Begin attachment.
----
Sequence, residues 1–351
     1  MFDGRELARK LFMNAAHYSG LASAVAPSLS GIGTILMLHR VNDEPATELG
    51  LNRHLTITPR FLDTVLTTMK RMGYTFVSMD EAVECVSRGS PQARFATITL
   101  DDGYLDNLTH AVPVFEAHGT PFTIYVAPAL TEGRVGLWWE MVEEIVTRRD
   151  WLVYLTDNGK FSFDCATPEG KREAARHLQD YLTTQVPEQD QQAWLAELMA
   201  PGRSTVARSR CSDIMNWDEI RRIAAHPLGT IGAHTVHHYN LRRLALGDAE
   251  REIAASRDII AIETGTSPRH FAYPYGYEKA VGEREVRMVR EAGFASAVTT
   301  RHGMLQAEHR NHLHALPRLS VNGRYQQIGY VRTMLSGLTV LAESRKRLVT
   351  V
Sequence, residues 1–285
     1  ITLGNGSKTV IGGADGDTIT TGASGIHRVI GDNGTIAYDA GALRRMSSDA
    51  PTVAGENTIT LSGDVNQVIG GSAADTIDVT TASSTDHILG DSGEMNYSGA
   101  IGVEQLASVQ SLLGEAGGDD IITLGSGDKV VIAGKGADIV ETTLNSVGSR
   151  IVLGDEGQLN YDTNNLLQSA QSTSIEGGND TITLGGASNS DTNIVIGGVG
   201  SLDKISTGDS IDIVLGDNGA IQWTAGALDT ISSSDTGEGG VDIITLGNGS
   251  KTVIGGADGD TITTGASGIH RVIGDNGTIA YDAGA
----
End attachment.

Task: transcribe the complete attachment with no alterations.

Sequence, residues 1–351
     1  MFDGRELARK LFMNAAHYSG LASAVAPSLS GIGTILMLHR VNDEPATELG
    51  LNRHLTITPR FLDTVLTTMK RMGYTFVSMD EAVECVSRGS PQARFATITL
   101  DDGYLDNLTH AVPVFEAHGT PFTIYVAPAL TEGRVGLWWE MVEEIVTRRD
   151  WLVYLTDNGK FSFDCATPEG KREAARHLQD YLTTQVPEQD QQAWLAELMA
   201  PGRSTVARSR CSDIMNWDEI RRIAAHPLGT IGAHTVHHYN LRRLALGDAE
   251  REIAASRDII AIETGTSPRH FAYPYGYEKA VGEREVRMVR EAGFASAVTT
   301  RHGMLQAEHR NHLHALPRLS VNGRYQQIGY VRTMLSGLTV LAESRKRLVT
   351  V
Sequence, residues 1–285
     1  ITLGNGSKTV IGGADGDTIT TGASGIHRVI GDNGTIAYDA GALRRMSSDA
    51  PTVAGENTIT LSGDVNQVIG GSAADTIDVT TASSTDHILG DSGEMNYSGA
   101  IGVEQLASVQ SLLGEAGGDD IITLGSGDKV VIAGKGADIV ETTLNSVGSR
   151  IVLGDEGQLN YDTNNLLQSA QSTSIEGGND TITLGGASNS DTNIVIGGVG
   201  SLDKISTGDS IDIVLGDNGA IQWTAGALDT ISSSDTGEGG VDIITLGNGS
   251  KTVIGGADGD TITTGASGIH RVIGDNGTIA YDAGA